Over the weekend, cardmarket.com relaunched their MKM Insight blog. They’ve assembled a team of great authors for the relaunch, and I’m proud to be one of them.
My first article for Insight was published yesterday. It’s titled “MKM Series is Coming to Your Town. Don’t Panic”. I wanted to know what happens to a quiet little neighbourhood when 700 Magic players invade. Here’s a sneak peek:
Marco Reitz doubles his weekend revenue every time the MKM Series is in town.
Reitz is the proprietor of Snack & Weck, a bakery and coffee shop just one hundred metres from the Civic Centre. Without any warning, the first MKM Series Frankfurt in 2016 brought large crowds of Magic players to his doorstep. “The first tournament pretty much caught us by surprise,” he admitted, laughing. “Hundreds of people suddenly turned up and needed coffee. We did not really know what was happening.”
Read more at cardmarket.com
I did a lot of legwork for this article: I interviewed residents, shop owners, players, and I called up a few dozen people. So go check it out right now.
Once again, I’m enormously proud of everyone involved with Closure, the eJournal for comics studies. I mean, I’m always proud of having been able to contribute to this great project, but today is a special day: Closure #4 is out!
Entitled “Beginnings and Renewals in Comics”, all essays are based on lectures from the first Kiel Comics Conference in September 2016, which I had the good fortune of organizing with the rest of the gang. One year later, it’s great to see those fascinating lectures commemorated to paper!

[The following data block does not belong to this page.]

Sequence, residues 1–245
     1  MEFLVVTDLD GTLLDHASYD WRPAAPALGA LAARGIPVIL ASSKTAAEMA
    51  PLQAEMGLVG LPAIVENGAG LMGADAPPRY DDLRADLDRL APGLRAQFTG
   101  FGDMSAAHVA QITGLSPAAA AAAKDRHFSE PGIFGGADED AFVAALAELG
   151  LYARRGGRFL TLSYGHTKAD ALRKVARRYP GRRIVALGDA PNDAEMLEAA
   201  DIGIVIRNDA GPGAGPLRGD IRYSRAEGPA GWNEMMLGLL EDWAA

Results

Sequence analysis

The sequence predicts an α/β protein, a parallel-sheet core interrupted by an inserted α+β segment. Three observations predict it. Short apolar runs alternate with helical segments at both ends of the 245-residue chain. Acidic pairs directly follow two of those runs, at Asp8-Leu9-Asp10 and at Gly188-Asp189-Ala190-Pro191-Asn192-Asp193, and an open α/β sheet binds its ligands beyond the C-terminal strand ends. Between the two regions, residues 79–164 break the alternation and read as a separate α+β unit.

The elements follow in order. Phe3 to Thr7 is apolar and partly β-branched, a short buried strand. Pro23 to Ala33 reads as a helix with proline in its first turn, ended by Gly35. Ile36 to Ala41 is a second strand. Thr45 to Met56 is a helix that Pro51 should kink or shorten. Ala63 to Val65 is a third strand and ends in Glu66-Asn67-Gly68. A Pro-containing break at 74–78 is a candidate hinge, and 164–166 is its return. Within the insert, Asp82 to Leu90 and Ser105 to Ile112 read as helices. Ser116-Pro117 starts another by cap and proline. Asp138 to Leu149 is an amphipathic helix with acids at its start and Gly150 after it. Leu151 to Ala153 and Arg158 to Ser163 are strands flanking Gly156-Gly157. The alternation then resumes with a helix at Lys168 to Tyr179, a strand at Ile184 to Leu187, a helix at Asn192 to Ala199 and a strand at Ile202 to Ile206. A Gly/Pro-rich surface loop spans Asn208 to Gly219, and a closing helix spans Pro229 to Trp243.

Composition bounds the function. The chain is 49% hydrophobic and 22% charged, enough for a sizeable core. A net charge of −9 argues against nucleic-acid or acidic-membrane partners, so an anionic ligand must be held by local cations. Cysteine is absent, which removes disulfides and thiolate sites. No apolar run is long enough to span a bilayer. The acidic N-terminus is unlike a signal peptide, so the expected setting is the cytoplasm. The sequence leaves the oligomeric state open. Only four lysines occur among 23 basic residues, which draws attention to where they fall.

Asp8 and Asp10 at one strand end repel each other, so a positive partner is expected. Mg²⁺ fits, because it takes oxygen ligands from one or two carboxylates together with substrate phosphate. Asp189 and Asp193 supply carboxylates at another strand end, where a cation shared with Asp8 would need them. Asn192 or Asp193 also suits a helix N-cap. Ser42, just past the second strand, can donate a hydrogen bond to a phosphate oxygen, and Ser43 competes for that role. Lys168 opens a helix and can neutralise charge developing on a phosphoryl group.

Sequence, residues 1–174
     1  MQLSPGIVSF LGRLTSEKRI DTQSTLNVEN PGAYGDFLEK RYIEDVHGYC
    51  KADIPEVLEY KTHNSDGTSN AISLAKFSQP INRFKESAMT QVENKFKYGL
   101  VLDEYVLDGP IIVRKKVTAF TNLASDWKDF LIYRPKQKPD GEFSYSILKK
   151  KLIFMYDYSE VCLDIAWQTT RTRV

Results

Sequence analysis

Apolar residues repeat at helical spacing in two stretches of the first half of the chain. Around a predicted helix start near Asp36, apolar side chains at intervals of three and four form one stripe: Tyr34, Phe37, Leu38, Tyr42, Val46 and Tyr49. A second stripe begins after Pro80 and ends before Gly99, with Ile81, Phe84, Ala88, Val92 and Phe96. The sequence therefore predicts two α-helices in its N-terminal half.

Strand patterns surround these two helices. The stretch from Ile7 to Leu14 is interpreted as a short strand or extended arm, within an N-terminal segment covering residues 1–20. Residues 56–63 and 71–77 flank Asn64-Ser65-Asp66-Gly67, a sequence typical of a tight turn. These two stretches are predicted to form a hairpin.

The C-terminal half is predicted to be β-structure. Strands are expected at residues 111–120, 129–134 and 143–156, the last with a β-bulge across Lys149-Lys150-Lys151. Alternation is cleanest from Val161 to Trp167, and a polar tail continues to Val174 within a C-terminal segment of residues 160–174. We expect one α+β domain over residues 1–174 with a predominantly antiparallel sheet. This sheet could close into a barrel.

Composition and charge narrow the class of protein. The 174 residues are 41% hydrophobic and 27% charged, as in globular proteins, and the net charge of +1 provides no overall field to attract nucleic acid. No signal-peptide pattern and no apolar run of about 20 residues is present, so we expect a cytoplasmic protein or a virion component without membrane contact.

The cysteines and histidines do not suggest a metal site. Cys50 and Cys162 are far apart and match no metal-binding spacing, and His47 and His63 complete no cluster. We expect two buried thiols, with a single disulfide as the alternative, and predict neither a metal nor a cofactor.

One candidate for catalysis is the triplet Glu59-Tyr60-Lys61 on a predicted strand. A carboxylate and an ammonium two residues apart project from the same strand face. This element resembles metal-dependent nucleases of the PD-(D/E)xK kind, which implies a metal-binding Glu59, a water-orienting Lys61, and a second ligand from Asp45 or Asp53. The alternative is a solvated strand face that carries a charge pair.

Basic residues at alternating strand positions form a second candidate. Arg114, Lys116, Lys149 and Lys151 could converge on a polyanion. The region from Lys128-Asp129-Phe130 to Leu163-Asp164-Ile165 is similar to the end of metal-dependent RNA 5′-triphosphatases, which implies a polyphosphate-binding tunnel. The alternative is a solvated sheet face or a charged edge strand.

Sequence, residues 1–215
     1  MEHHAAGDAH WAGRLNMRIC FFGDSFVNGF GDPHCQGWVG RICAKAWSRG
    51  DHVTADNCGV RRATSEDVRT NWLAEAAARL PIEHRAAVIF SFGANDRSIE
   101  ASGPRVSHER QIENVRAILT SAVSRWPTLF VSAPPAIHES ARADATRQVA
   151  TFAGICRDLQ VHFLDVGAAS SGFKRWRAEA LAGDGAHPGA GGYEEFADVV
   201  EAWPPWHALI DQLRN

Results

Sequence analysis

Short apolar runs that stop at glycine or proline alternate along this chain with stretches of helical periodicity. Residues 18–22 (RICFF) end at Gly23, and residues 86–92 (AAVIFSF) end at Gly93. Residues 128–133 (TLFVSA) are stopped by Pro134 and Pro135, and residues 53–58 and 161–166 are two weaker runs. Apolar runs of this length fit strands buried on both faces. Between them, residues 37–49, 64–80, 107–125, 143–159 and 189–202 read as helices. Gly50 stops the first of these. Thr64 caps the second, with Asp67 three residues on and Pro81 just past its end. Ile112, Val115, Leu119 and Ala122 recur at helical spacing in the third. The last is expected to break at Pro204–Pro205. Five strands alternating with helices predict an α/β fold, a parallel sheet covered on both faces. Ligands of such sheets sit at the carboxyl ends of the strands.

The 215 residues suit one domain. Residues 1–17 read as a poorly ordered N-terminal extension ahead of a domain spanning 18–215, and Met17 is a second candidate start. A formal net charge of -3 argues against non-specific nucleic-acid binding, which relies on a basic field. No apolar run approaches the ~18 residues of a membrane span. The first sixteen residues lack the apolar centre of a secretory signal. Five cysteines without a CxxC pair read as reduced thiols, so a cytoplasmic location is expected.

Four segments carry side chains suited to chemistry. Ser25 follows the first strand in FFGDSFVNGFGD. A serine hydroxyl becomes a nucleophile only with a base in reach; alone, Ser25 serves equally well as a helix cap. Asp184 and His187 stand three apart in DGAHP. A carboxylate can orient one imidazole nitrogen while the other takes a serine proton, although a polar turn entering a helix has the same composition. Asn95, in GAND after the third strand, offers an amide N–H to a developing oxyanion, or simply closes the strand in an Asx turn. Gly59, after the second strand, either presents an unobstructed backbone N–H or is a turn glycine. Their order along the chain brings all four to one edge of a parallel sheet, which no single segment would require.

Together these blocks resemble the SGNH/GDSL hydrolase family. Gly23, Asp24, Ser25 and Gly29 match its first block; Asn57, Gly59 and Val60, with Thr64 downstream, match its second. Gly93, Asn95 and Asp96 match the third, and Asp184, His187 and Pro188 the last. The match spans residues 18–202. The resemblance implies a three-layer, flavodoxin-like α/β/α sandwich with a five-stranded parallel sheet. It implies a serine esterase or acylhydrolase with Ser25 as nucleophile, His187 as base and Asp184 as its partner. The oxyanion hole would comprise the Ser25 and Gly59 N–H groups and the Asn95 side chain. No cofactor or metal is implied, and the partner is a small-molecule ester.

All six essays in Closure #4 are available for free online, four of them in English. Go read them.
Randomness is a big part of Magic:The Gathering. As soon as players shuffle up their decks, they’re beholden to chance. The good news is that they retain some influence on their opening hand – mainly by deciding on whether to take a mulligan.
Through mulligans, the state of the game can be shaped before it even begins. This is why understanding mulligans is so important. Let me walk you through three typical situations – manascrew, manaflood, and drawing sideboard cards – to explain what I mean.
Mockup of a card with an integrated NFC chip. Image: FusionPlay.
“FusionPlay Heroes” combines a card games with a smartphone app. The game relies on playing cards with integrated NFC chips to link the two. Together with the app, the technology enables an interactive two-player tactics game. How does the game work? What are the potentials of this technology? A kickstarter, all information and all open questions…
Scanning, managing, and trading Magic cards with an app – Snapcardster is an ambitious start-up from Germany aiming at making its product known to a larger audience after a successful Kickstarter. Did the world really need another app? What’s Snapcardster‘s unique selling point? And where does the company go from here? Time for Snapcardster founder Peer Richelsen to answer some questions.
Sensei’s Divining Top, Illustration: Michael Sutfin.
This one might interest you even if you’re not a Magic player, because it is an object lesson in how to deal with the fallout of unexpected change.
On April 24th, Magic’s Legacy format was thrown into disarray when a key card was banned from tournament play.
This was textbook regulatory action, no different from legislating against a certain type of product or transaction. What followed the ban was a mad scramble to the top of an unknown environment, with interesting results.